It’s no secret that the way to win fame and fortune in physics is to invent a better refrigerator. Michael Faraday and James Prescott Joule and J. J. Thomson (Lord Kelvin) were all thinkers or tinkerers in refrigeration; the Kelvinator brand alludes to the last of those pioneers. Einstein and Leo Szilard held dozens of patents on refrigerator designs. And workers in cryogenics have won at least 10 Nobel prizes, starting with Heike Kammerlingh Onnes in 1913.
Here’s the latest cool idea on how to chill out: Let the hot atoms in a fluid escape through nanopores that block the lower-energy atoms. William J. Mullin of the University of Massachusetts in Amherst and Neal Kalechofsky of Oxford Instruments America Inc. suggests three ways this might work. The abstract of their recent paper:
We consider the possibility of adding a stage to a dilution refrigerator to provide additional cooling by “filtering out” hot atoms. Three methods are considered: 1) Effusion, where holes having diameters larger than a mean-free path allow atoms to pass through easily; 2) Particle waveguide-like motion using very narrow channels that greatly restrict the quantum states of the atoms in a channel. 3) Wall-limited diffusion through channels, in which the wall scattering is disordered so that local density equilibrium is established in a channel. We assume that channel dimensions are smaller than the mean-free path for atom-atom interactions. The particle waveguide and the wall-limited diffusion methods using channels on order of the deBroglie wavelength give cooling. Recent advances in nano-filters give this method some hope of being practical.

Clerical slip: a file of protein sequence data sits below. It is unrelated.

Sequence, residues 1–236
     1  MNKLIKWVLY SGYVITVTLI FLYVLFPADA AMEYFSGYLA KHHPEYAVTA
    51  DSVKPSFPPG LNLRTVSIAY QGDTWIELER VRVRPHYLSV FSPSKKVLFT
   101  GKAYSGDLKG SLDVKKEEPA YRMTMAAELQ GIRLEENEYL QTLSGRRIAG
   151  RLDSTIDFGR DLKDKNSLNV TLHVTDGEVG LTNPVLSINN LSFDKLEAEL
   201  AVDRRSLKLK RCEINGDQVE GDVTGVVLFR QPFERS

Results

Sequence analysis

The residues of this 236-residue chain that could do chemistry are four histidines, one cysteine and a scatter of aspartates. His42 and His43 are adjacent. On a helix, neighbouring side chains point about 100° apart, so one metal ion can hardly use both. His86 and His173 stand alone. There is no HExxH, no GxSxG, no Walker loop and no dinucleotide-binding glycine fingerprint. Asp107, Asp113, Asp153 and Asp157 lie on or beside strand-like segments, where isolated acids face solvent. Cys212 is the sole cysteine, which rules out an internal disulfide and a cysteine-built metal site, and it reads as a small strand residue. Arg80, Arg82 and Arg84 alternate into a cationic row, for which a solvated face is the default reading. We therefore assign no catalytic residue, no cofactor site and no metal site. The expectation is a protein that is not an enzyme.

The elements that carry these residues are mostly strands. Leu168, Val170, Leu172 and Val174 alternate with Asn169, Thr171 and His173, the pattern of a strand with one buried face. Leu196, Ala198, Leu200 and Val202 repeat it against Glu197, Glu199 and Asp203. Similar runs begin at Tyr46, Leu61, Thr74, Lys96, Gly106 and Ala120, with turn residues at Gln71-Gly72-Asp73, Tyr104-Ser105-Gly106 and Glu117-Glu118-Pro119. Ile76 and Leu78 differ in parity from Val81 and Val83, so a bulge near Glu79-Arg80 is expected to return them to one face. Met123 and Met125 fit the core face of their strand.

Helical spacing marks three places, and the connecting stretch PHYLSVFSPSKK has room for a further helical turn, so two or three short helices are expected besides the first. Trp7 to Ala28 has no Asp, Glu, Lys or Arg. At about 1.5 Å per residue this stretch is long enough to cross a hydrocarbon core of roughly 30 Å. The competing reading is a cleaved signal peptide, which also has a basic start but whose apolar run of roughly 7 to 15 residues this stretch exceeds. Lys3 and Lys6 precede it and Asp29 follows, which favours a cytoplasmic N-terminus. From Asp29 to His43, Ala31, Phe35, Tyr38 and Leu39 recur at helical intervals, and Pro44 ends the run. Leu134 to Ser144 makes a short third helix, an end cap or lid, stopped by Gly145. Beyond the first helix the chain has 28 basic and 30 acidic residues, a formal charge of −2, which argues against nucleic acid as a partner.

The plan sounds a little like Maxwell’s demon without the demon. The nanopores don’t have to be opened and shut for individual atoms; they discriminate naturally between various energy states of the atoms. Or at least that’s what Mullin’s and Kalechofsky’s calculations suggest; the crucial experiment has yet to be performed.
arXiv link: Theory of cooling by flow through narrow pores.
Update 2006-05-16: Oops. Lord Kelvin = William Thompson. Lord Kelvin ≠ J. J. Thompson.